So I’m walking up this arroyo, maybe 12 feet deep, killing time while I wait in vain for those itty-bitty cactus flowers to open, glancing down at my feet for anything cool that might have washed down from the hills—once upon a time—looking up and down the sides where the water cut through, scanning for pot shards, arrowheads, rusty pistols, magic rocks, bones, and there this thing was, poking out of the dirt. You can see how much of it was buried in the wall of the arroyo by the stain. The left cheekbone or whatever it is fell off as soon as I touched it and I didn’t retrieve it. A biodegradable relic for sure.
Now, it may not be “prehistoric.” Hell, it may not even be a rat. But it had to be five feet below the surface, and that’s pretty damn historical. I checked out rat skulls in a Google image search and have to say this fits. It’s about 40 mm long and has the same back teeth. I dug a little more into the side of the arroyo, but I couldn’t find any more bones.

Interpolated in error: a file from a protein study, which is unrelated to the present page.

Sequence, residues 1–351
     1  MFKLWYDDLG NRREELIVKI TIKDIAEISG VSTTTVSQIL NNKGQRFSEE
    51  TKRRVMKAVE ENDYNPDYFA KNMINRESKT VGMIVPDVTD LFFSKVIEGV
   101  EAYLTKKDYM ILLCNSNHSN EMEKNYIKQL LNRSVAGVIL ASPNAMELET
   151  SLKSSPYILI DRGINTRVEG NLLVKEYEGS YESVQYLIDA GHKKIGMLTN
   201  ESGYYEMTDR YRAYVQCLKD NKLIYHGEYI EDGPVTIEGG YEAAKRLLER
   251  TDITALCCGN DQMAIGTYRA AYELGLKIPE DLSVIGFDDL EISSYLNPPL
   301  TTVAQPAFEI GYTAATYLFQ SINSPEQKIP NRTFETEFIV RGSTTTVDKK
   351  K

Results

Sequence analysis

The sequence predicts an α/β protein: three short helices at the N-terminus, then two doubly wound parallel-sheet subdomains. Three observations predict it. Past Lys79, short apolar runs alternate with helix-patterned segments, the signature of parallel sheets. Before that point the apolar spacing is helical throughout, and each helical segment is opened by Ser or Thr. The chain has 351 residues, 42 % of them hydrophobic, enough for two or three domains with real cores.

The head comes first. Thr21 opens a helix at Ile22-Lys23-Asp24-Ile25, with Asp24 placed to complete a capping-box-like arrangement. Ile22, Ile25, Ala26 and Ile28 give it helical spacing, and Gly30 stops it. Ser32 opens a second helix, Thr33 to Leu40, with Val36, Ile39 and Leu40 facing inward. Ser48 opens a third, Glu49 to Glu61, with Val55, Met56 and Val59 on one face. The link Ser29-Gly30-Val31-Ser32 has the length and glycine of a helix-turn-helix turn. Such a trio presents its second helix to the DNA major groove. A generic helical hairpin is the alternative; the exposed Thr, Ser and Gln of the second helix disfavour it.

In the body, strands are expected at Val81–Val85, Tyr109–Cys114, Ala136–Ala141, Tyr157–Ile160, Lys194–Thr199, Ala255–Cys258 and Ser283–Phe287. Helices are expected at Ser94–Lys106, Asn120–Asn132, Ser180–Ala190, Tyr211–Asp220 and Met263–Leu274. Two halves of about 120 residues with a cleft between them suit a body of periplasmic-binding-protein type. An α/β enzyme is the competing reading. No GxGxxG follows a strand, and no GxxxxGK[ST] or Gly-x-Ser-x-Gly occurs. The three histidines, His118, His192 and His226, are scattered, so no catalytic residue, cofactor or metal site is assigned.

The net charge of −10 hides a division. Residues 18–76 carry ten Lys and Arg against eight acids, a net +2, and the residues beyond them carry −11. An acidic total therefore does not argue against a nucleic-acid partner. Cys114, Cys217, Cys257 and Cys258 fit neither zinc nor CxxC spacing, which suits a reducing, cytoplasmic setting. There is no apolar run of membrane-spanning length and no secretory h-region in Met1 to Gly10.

Shine on, Brother Rat!
I’ve always heard that coyotes don’t eat the heads. That’s been the case with the numerous cats belonging to my next door neighbors that coyotes have killed over the years. People just find the cat heads. (sorry for being so grisly)
Really? Wow. I’d collect those. Stick them under a weighted, upside-down bucket by a hill full of big red ants. In six weeks or less you’d have a collection of perfectly clean cat skulls. I’m something of a fan of cat skulls. They’re so beautiful.
But the only time I ever saw a coyote eat a rat—and I did—he most definitely started with the head and just basically schlorped it right down. Never heard that about the cat heads.